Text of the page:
As an adult, I place more importance on preserving digital media and memories. I admit I’ve always had a hard time letting things go—I’ve saved almost every handwritten letter and birthday card I’ve been given in my life. But what about the life and memories we make online? What about old computers, hard drives, cell phones, and social media accounts filled with personal photos and messages from lost and distant loved ones? These are memories that aren’t easily or obviously preserved.

Though my childhood computer is probably long gone, along with my digital collection of saved Sailor Scouts, I realize some 20 years later how vital, and fragile, digital memory is. With the eventual closure of websites like GeoCities, Angelfire, MySpace, and so many more, most of my earliest memories of the internet would be erased if it weren’t for the Internet Archive. Even as a child, I realized that digital memory is even more ephemeral than the physical media of previous generations.

As a member of a generation that grew up online, I am thankful that a large part of my digital memory doesn’t have to disappear forever. This is what drew me to the Internet Archive, and compelled me to support fundraising efforts to ensure a sustainable future for projects like the Wayback Machine, GifCities, and so much more. If you also find value in preserving digital memory and making it accessible for future generations, I hope you’ll consider donating to support our work before our year-end fundraising campaign comes to a close. Your matched donation will go a long way toward keeping our collections online for years to come.

Christina Humphreys joined the philanthropy team at the Internet Archive in 2021. Her interest in early internet art and aesthetics brought her to the Internet Archive, where many now defunct websites have been saved through the Wayback Machine. Along with reliving the internet of her childhood, she loves exploring the various collections of art, film, and books preserved on She views the Internet Archive as a vital cultural resource, creating an accessible future for information and materials that would otherwise be locked away in a vault or lost to history.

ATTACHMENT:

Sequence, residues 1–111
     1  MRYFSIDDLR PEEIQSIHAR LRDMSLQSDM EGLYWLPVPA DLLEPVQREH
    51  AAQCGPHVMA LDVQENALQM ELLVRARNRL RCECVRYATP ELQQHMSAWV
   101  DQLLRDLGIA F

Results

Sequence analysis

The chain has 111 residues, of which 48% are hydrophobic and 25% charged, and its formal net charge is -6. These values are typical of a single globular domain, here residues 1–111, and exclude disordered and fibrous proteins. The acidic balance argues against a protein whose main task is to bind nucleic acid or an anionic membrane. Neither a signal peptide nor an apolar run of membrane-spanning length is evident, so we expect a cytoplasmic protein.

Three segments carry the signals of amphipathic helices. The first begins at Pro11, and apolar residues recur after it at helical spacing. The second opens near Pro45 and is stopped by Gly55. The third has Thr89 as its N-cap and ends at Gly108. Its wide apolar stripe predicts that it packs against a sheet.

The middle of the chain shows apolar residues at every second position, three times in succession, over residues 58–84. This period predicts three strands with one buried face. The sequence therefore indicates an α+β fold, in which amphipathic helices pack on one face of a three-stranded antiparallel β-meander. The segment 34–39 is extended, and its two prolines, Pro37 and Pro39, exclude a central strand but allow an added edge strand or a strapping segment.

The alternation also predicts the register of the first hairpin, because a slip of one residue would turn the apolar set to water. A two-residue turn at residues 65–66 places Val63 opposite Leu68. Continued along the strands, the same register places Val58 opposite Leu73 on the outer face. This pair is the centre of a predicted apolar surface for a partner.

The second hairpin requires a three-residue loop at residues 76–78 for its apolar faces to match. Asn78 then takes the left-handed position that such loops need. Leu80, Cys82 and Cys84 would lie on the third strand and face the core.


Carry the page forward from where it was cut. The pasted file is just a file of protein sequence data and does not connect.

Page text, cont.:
GIFs sourced from:

“Have you played Atari today?”

Guest post by Kay Savetz, professional web publisher and amateur Atari historian

For years I hunted for the answer to the question: who wrote the adverting tagline “Have you played Atari today?” Atari started using it in print advertisements on April 1, 1982. Soon after, the words were sung in a jingle in many Atari TV commercials. As an Atari historian, the question plagued me: who wrote those words?

The first newspaper advertisement featuring the famous phrase: April 1st, 1982.

My computer historian colleagues didn’t know. I asked Nolan Bushnell, founder of Atari. He thought it might have come from their ad agency at the time, Doyle Dane Bernbach. But when both a colleague and I separately reached out to DDB, we hit dead ends. I searched Internet Archive, commercial newspaper archives, and library collections, all in vain.

In 2021 I created a script called TIARA — The Internet Archive Research Assistant — which searches Internet Archive every day for newly uploaded items that match my selected words and phrases. (You can get the script free from It diligently searched for “Have you played Atari today?” daily, with no hint to the answer to my question.

Until June 2022 — when there was a hit. A book called “Graphis New Talent Annual 2016” had been scanned just the day before by Internet Archive’s scanning center in the Philippines. The book was available for immediate online borrowing. I checked it out for an hour, and had the answer I needed in just a minute. There on page 7 is a bio for Robert Wain Mackall, which says that he wrote the “Have you played Atari today?” tagline while working at Doyle Dane Bernbach.

Finally, there was my answer! Internet Archive’s relentless scanning of books, its lending library, its full-text search capability, and my little TIARA script delivered a fact that I had been seeking for years.

—Kay Savetz

What are some things you’re exploring on the Internet Archive? Tell us in the comments!